Earlier this year, Advance Indiana churned the notion floating among conservatorati that Barack Obama would ditch Joe Biden after he exhibited too much "crazy Uncle Joe" at consecutive campaign stops while "Palin syndrome" infected America. Now it appears Palin is under assault.
("Palin Syndrome," which has a Republican strand called "Obama-mania," refers to the public's irrational, fevered pitch enthusiasm for a completely unknown political candidate because (s)he "looks and feels the part" for a demographically diverse ticket).
CNN's world affairs expert, Fareed Zakaria, captures my sentiments about Palin, and even my general admiration for Senator McCain, better than I ever could in the following interview with CNN:
CNN: What did you initially think when Sarah Palin was announced as the Republican vice presidential nominee?
Zakaria: I was a bit surprised -- as I think most people were. But I was willing to give her a chance. And I thought her speech at the convention was clever and funny. But once she began answering questions about economics and foreign policy, it became clear that she has simply never thought about these subjects before and is dangerously ignorant and unprepared for the job of vice president, let alone president.
CNN: You don't think she is qualified?
Zakaria: No. Gov. Palin has been given a set of talking points by campaign advisers, simple ideological mantras that she repeats and repeats as long as she can. But if forced off those rehearsed lines, what she has to say is often, quite frankly --nonsense. Just listen to her response to Katie Couric's question about the bailout. It's gibberish -- an emptying out of catchphrases about economics that have nothing to do with the question or the topic. It's scary to think that this person could be running the country.
CNN: Does it make you concerned about Sen. McCain as a president?
Zakaria: Yes, and I say this with sadness because I greatly admire John McCain, a man of intelligence, honor and enormous personal and political courage. However, for him to choose Sara Palin to be his running mate is fundamentally irresponsible. He did not put the country first with this decision. Whether it is appropriate or not, considering Sen. McCain's age most people expected to have a vice presidential candidate who would be ready to step in at a moment's notice. The actuarial odds of that happening are significant, something like a one-in-five chance.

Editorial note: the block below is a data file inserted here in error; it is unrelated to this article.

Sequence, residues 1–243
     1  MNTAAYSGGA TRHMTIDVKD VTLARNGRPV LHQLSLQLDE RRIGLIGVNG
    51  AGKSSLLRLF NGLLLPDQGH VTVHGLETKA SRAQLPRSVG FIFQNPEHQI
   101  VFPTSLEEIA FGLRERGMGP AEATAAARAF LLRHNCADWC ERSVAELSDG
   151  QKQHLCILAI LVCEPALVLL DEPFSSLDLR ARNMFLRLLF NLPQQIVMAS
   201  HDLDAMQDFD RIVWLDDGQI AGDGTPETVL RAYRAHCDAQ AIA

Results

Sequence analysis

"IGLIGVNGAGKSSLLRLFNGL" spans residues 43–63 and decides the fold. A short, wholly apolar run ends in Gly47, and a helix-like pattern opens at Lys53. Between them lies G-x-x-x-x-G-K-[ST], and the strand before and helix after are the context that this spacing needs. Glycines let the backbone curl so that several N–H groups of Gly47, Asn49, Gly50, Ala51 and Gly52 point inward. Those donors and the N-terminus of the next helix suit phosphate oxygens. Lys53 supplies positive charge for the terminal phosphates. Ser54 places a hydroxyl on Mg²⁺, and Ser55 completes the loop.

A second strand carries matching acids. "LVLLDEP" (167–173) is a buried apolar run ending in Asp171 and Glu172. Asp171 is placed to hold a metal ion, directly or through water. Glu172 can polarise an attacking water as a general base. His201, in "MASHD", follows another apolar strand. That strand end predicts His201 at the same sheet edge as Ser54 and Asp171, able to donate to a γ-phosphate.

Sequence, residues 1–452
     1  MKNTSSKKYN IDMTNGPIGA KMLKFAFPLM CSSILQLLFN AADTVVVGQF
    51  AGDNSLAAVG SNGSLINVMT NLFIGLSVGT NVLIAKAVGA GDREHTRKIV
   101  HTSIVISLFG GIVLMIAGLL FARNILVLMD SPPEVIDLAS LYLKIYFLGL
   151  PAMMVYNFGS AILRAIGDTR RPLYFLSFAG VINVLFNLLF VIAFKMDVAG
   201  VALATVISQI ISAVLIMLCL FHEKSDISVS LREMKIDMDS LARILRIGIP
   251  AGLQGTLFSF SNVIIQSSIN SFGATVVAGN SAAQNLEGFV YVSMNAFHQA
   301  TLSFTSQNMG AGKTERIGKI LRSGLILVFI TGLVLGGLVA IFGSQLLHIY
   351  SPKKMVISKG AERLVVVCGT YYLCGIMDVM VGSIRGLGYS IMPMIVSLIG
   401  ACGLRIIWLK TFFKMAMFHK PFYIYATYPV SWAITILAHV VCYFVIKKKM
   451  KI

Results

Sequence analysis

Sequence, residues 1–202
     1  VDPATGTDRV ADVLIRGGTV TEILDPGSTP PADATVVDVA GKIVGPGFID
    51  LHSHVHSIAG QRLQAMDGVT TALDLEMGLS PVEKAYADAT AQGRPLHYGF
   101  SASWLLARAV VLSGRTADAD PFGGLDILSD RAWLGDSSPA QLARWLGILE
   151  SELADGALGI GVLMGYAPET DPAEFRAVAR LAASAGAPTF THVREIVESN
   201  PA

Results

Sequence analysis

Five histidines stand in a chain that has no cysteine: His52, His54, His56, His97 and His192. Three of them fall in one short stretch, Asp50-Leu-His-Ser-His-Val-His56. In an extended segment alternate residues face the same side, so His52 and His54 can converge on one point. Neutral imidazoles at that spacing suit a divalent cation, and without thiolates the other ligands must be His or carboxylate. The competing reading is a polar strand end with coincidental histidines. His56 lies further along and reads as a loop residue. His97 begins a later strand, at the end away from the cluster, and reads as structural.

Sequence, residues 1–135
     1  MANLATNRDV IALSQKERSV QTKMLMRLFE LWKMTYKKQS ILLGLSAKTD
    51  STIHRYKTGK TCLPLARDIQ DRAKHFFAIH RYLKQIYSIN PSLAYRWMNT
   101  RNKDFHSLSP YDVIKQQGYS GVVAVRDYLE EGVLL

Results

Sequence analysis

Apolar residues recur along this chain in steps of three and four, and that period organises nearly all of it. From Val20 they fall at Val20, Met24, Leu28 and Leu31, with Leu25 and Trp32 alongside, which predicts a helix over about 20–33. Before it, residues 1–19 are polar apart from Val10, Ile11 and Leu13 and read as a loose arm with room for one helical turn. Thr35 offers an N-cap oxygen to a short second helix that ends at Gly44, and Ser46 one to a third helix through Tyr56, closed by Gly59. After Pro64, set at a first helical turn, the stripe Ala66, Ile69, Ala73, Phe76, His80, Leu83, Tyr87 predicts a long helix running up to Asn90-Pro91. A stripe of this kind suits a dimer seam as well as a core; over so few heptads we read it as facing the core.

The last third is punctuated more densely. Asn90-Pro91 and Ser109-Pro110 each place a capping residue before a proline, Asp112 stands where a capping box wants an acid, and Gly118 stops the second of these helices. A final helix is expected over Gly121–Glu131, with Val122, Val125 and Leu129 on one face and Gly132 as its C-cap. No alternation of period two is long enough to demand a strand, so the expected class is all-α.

Every time I hear Palin's answer to Katie Couric's bailout question, I'm reminded of the scene in Billy Madison where Adam Sandler gives an infantile answer to a question during an academic competition, and the moderator/principal replies:
"Mr. Madison, what you've just said is one of the most insanely idiotic things I have ever heard. At no point in your rambling, incoherent response were you even close to anything that could be considered a rational thought. Everyone in this room is now dumber for having listened to it. I award you no points, and may God have mercy on your soul."
But Palin will never get bounced, and my party is the reason. If McCain kicks Palin to the curb now, the Democrats will make him eat it for dinner. We'll put up ads about how he made a horrific call for political expediency.
So here's what I propose: bi-partisanship for the national interest, just like when Senator McCain championed campaign finance reform. Barack Obama agrees to SAY NOTHING about the change if John McCain will just do it. It would be like Obama giving McCain a political mulligan. Maybe if he did that, McCain would at least look at him in the next debate.